Tag: CLEC

Next generation broadband technical resources

For folks interested in some of the technical details of the new solutions we are deploying, here are some links:

ADSL2+: http://en.wikipedia.org/wiki/ITU_G.992.5

ADSL2+M: http://en.wikipedia.org/wiki/ITU_G.992.5_Annex_M

EFM: http://en.wikipedia.org/wiki/Ethernet_in_the_first_mile

Our current deployment can support bonding of up to two pairs of ADSL2+, and up to eight pairs using EFM. You can do the math. =)

First e.SHDSL test loop

At over a mile of distance, we’re very pleased with the 3.5Mbps symmetric performance we’re seeing on this single pair test loop. With eight pair bonding (8×3.5, in this example), this means delivery of a 25Mbps symmetric link is possible at this sort of range. This very exciting technology uses “Ethernet in the First Mile” (EFM) technology to deliver speeds from 1.5Mbps (T1) to 45Mbps (T3) on one to eight copper wire pairs.

e.SHDSL 3.5Mbps symmetric loop

Symmetric products at T1 to T3 speeds are ideal for business customers seeking to extend their local area networks at Ethernet speeds, and for fast Internet performance both downstream and up.

ADSL2+ running 16Mbps

This loop is a bit over one mile long (~5500ft). Downstream sync is 16Mbps, upstream sync at 1.1Mbps. This is served out of the Santa Rosa 01 (downtown) central office, from our new DSLAM deployment there.

ADSL2+ Speed Test

Click for larger, more legible image.

CLEC Update

Nathan and his team are have been making very good progress on our CLEC deployment. As a certified public utility in California, and a competitive local exchange carrier (CLEC), Sonic.net and is working toward deployment of equipment to serve next generation broadband products.

These products include traditional services such as 1.5Mbps T1, plus advanced services like ADSL2+ and VDSL2. We’ve even got some exciting new products based upon E-SHDSL (we pronounce it “E-Schnitzel” here around the office) that allow delivery of over 5Mbps symmetric (down and upstream) per pair at reasonably short distances. This allows delivery of Internet at 10Mbps (Ethernet speed) on as few as two pairs for business locations. Up to eight pairs can be bonded to deliver T3 speed (45Mbps). ADSL2+ can in theory provide up to 24Mbps downstream on just one pair – compare to today’s ADSL, at only 8Mbps theoretical maximum.

The last six months have seen some important milestones, and it’s very exciting to see the tangible progress.

As a CLEC, colocation in the telco central office (the ugly building in the middle of every town) allows for interconnection between copper to you, and the equipment that serves these new access technologies on that copper. We received access to our first colocation CO in late December. After nearly two years of paperwork, it was great to finally walk into the physical outcome – the somewhat dated interior of a building that was constructed to withstand a nuclear blast not too far away.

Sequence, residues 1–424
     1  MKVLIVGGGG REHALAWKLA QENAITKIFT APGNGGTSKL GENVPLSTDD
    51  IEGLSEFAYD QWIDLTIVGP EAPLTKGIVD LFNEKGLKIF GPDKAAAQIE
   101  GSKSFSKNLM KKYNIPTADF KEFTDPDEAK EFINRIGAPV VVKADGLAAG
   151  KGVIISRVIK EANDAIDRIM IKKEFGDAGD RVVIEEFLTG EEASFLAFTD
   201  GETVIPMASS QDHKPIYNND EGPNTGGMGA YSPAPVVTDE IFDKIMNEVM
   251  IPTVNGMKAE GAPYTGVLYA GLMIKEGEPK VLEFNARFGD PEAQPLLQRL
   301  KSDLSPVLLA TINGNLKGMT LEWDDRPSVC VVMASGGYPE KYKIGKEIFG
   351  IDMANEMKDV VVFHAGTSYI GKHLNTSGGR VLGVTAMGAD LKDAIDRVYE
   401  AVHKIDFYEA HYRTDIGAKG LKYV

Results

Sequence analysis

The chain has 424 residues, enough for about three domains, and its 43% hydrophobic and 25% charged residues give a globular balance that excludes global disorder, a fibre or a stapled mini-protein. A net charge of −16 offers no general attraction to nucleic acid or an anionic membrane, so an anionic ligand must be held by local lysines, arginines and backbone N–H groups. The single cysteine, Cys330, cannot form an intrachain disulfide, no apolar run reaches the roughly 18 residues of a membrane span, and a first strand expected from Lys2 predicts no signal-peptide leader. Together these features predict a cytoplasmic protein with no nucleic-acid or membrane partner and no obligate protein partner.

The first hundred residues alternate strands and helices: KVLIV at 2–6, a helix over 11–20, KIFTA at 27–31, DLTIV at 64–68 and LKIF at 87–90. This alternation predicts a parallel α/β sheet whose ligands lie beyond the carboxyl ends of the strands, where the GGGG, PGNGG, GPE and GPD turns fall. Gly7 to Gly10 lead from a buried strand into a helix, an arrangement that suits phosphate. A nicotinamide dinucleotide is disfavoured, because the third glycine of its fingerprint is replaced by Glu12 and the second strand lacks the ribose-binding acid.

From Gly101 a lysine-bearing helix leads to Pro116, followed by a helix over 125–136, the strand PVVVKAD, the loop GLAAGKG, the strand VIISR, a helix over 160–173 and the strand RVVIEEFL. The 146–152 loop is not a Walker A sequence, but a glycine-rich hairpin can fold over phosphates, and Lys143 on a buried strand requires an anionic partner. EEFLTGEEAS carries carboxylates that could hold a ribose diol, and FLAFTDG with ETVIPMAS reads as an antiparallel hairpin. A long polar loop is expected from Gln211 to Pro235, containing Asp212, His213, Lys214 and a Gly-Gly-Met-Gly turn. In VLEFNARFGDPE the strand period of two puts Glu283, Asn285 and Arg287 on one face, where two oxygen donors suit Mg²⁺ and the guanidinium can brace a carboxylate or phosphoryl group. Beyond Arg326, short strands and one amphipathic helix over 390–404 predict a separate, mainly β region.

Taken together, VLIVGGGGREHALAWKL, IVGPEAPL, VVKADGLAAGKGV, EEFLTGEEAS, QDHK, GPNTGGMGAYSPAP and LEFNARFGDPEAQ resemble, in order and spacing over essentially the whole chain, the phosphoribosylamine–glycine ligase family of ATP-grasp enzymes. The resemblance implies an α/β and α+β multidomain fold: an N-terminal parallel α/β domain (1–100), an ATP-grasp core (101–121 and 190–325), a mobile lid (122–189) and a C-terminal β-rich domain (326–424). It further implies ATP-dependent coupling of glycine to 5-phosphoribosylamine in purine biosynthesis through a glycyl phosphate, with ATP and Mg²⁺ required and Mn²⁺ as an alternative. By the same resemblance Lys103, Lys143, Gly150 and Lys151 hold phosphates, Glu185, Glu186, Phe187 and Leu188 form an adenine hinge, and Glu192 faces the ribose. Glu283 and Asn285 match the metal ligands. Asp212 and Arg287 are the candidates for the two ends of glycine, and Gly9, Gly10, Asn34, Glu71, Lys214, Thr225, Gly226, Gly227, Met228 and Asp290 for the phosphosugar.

Our colocation cage space is just what it sounds like – a cage. It’s a walled off space built from a sort of telco industrial fencing material. While we’re not allowed to take photographs in a central office, here’s a snapshot of a typical type of cage that’s representative:

Colocation Cage

I can’t overstate the importance of this CLEC initiative for Sonic.net. Our ability to deliver innovative high speed products is critical to our future, and I’m very happy to see it coming along.

The next few weeks will see DSLAM equipment build out into the colocation space. This space is empty, so this means installation of ironwork – racks to hold the equipment – plus DSLAMs and other electronic equipment.

Even installation of the racks is a bit complex – we had to have staff attend training on “how to drill a hole”, and there’s a even special sized hammer drill bit that was rather tough to obtain. The training is mandatory for us to do our own construction in the central office – Santa Rosa’s main CO’s concrete flooring is “likely to contain asbestos”. No fooling. So, drilling a hole really is a bit complex, involving shaving cream (you guessed it – to capture the concrete powder and “likely asbestos”), some napkins (to capture the shaving cream), and a number of zip-lock baggies. The baggies are then tagged with our training certification data, and disposed of as hazardous waste.

Once we get the racks in, the DSLAMs and other equipment will be placed. Finally, we begin testing on copper loops to various locations around Santa Rosa. I will make postings about our progress from time to time.